Around the world, huge festivals attract tens of thousands of people because everyone likes a good party. More importantly, everyone likes a party with a good food fight, which is why everyone descends on Bunol, Spain on the last Wednesday of August. Each year around 30,000 people come to the city to take part in La Tomatina, a large, crazy, and very messy one-hour tomato fight that leaves all its participants and the city itself covered in a thick layer of tomato.
La Tomatina originated as a local food fight among friends in 1945. They enjoyed it so much that they repeated it the next year and the year after. The holiday was banned in 1955, but after Franco’s death in the 1970s, the holiday returned once more. Since the 1990s, the festival has grown each year as more and more people come to participate in the world’s largest food fight, and every year the city council happily provides the tomatoes that are thrown at the event.
Starting early in the morning, people wearing clothes never to be worn again crowd trains heading from Valencia to Bunol. They get there and join the other masses heading to the center, stopping for some food and a lot of drinks along the way. Eventually, everyone reaches the city center and simply stops. There’s nowhere else to go. The crowd is simply too thick. During the run-up to the 11am kick-off, many participants climb the greased pole to get a ham. When the ham is caught, the party starts, though I didn’t see anyone get the ham. They seem to start at 11 regardless. While waiting for that crucial hour, people drink, pour water on each other, and break out into the occasional tee-shirt fight.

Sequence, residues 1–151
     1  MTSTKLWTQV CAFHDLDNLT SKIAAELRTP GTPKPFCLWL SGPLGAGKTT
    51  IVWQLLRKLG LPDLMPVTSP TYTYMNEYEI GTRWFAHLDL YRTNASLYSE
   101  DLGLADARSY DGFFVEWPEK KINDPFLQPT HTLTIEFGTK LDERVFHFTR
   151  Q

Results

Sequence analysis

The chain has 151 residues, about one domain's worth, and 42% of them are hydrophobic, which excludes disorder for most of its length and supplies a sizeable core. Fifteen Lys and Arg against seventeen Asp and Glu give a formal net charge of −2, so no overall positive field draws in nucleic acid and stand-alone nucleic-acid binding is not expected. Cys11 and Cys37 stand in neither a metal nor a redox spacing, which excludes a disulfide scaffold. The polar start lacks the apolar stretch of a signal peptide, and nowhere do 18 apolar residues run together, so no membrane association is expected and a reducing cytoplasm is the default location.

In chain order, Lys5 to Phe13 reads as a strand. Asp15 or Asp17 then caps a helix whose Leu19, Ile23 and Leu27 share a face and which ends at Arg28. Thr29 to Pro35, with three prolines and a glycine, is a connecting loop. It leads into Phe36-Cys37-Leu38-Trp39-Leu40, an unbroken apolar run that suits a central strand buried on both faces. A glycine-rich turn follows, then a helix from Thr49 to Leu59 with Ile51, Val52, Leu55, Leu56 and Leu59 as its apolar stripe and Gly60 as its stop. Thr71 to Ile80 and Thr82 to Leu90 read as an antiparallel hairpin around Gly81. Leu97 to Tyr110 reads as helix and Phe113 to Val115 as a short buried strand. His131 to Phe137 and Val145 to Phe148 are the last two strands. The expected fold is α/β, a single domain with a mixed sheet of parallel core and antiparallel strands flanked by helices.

Then the gun goes off, the fight begins, and the tomatoes pour out of trucks. But only video will give testament to the craziness. So while I was fighting, my friends at Travelyourself took my camera so I could bring you this:
There’s nothing I can say about the festival that the video doesn’t show better.
The fight lasts for one hour, after which the city is ankle-deep in a river of tomato juice. The party continues for a few hours in many of the plazas around the city before most crowds head back to Valencia to shower, siesta, and relax.
La Tomatina now charges a participation fee for visitors, starting at 10 euros.
La Tomatina was certainly the most interesting food fight I’ve been to. It’s quite dirty, and if you don’t like a mess or crowds, you wouldn’t like this. I had an amazing, energetic time, and that week I was there connected me with some of the most important people in my life. So for those looking to spend a few hours throwing food at each other, dancing in the streets, and drinking sangria at 10am, well, you better be at La Tomatina next year.